The age of 18 has a reputation for being the magical number when child support ends, but it doesn’t always happen this way. Several different factors can muddy the waters and it’s not uncommon for a parent to pay support beyond this age. Whether you’ll have to depends on your state’s unique rules. Personal factors can make a difference as well.
Age of Majority
The age of majority, also called the age of emancipation, is the cutoff point for child support unless other circumstances exist. This is 18 in most states, but in Alabama, Colorado, Nebraska and Indiana, it’s 19. In Mississippi, New York and the District of Columbia, the age of majority is 21. These ages typically only apply if your child has graduated from high school. Otherwise, you may have to pay until her next birthday or she graduates, whichever happens first. If your teenager happens to be working, this usually has no effect on your support obligation one way or the other. You can’t stop paying if she’s working full time but hasn’t yet reached your state’s age of majority, and you don’t have to keep paying past the age of majority if she can’t find a job. But this doesn’t hold true in all jurisdictions. For example, if your child becomes self-supporting before age 21 in the District of Columbia, she’s emancipated.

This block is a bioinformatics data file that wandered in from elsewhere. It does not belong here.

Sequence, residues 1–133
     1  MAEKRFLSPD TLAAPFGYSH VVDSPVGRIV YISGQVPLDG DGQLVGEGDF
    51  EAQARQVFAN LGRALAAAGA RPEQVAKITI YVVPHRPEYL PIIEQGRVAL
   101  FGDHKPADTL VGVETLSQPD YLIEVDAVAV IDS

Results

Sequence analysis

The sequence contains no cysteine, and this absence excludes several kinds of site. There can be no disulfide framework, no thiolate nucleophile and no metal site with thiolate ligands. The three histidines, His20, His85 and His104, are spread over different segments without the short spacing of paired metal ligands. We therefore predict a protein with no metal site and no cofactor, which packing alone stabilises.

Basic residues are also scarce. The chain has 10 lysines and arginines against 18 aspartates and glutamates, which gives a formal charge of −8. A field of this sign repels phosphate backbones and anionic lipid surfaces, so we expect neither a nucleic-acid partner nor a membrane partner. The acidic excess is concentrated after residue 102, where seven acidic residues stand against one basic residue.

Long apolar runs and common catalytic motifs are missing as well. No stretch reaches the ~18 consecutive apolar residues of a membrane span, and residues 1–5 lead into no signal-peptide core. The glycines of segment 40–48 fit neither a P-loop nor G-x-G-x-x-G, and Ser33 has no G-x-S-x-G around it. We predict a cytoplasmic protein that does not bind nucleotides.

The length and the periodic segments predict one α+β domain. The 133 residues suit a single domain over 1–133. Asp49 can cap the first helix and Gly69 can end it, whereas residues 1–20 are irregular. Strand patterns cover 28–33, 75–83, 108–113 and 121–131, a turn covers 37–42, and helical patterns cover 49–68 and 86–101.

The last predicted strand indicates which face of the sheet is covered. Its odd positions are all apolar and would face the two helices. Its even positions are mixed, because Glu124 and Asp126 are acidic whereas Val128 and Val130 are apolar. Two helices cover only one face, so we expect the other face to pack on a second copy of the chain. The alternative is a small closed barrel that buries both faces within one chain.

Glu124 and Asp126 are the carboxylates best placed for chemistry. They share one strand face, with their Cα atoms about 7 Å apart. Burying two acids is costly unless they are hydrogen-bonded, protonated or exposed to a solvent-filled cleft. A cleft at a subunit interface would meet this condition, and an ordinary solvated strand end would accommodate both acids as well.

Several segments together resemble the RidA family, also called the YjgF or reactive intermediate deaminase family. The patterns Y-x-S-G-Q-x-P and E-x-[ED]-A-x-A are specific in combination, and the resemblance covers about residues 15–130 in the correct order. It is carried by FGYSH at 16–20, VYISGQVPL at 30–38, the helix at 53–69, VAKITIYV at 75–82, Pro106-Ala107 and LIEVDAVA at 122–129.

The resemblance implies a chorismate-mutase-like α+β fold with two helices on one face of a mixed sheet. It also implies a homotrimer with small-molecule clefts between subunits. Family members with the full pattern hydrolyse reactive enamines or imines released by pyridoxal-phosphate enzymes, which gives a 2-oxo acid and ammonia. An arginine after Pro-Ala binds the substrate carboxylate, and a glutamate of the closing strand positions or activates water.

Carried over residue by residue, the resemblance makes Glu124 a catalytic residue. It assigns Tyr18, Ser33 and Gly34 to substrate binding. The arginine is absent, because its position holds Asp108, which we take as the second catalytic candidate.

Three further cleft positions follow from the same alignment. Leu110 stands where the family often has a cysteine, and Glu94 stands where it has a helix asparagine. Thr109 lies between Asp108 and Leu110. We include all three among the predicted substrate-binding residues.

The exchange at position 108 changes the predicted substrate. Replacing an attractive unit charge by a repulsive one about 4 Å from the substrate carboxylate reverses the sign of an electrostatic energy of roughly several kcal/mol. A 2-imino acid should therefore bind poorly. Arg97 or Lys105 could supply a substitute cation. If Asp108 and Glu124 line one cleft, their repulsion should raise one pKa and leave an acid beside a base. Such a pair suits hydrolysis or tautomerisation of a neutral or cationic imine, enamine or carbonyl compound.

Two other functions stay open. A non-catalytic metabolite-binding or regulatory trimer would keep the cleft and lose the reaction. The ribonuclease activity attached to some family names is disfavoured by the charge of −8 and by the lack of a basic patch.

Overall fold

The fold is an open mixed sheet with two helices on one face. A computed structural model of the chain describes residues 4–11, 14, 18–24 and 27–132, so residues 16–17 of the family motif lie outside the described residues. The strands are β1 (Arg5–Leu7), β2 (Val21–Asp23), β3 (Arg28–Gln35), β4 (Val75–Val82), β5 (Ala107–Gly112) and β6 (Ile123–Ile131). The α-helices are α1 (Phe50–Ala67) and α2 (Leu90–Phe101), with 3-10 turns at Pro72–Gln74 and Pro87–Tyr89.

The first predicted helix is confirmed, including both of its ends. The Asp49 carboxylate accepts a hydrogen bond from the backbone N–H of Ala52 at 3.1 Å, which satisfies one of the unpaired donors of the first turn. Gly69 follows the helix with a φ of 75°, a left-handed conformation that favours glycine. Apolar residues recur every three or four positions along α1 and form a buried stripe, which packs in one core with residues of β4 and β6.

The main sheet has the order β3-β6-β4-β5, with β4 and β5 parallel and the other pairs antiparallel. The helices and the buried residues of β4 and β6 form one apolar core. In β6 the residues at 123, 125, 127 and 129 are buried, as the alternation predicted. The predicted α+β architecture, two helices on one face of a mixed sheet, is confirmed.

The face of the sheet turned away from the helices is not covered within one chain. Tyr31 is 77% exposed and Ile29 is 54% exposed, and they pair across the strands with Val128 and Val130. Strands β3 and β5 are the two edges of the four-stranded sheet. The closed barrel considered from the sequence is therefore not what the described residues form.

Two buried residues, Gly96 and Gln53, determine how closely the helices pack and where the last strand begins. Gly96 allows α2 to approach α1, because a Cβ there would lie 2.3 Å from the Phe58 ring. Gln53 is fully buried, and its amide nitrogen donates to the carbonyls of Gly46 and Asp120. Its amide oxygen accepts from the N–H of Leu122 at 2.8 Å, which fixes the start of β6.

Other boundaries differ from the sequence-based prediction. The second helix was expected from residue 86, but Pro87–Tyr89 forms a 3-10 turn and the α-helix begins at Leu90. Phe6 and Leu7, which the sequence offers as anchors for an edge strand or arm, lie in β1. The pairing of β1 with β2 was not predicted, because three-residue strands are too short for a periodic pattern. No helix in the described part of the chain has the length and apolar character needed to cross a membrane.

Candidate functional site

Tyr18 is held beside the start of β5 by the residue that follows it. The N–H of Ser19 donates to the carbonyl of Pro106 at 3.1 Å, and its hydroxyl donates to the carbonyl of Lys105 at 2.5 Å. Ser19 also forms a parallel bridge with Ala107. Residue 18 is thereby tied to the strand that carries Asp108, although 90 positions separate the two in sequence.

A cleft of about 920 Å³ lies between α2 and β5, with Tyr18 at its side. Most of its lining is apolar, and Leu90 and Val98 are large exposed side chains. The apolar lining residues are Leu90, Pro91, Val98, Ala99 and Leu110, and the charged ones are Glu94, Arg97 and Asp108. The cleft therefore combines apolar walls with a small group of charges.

Special Rules for Disabled Children
Child support laws for terminating support at a certain age assume that your child is physically and mentally capable of caring for and supporting herself when she reaches adulthood. If your child is disabled, support will continue past her 18th birthday or whatever the cutoff age is in your state. Your support order is typically open-ended in this case, lasting until she recovers or until her death.
Children Who Attend College
Whether support should be continued while a child goes to college is a hotbed of debate. State laws vary a great deal on this issue. Some states prohibit post-secondary education support, whereas others require it by statute. Still others decide the issue on factors unique to each family. If your child is planning to attend college, talk with a local lawyer to find out exactly what the rules are in your jurisdiction.
Support Sometimes Ends Sooner
Emancipation means that your child has achieved some milestone that marks her as an adult. Normally, this is the age of majority, but emancipation can sometimes happen sooner. In Texas, she’s emancipated when she marries if she does so before age 18. Colorado law considers her emancipated if she enters the military and this rule supersedes her age. Most states allow teenagers to file petitions with the court to emancipate themselves after they reach age 16 and if they can prove they can support themselves. This would also terminate your support obligation.
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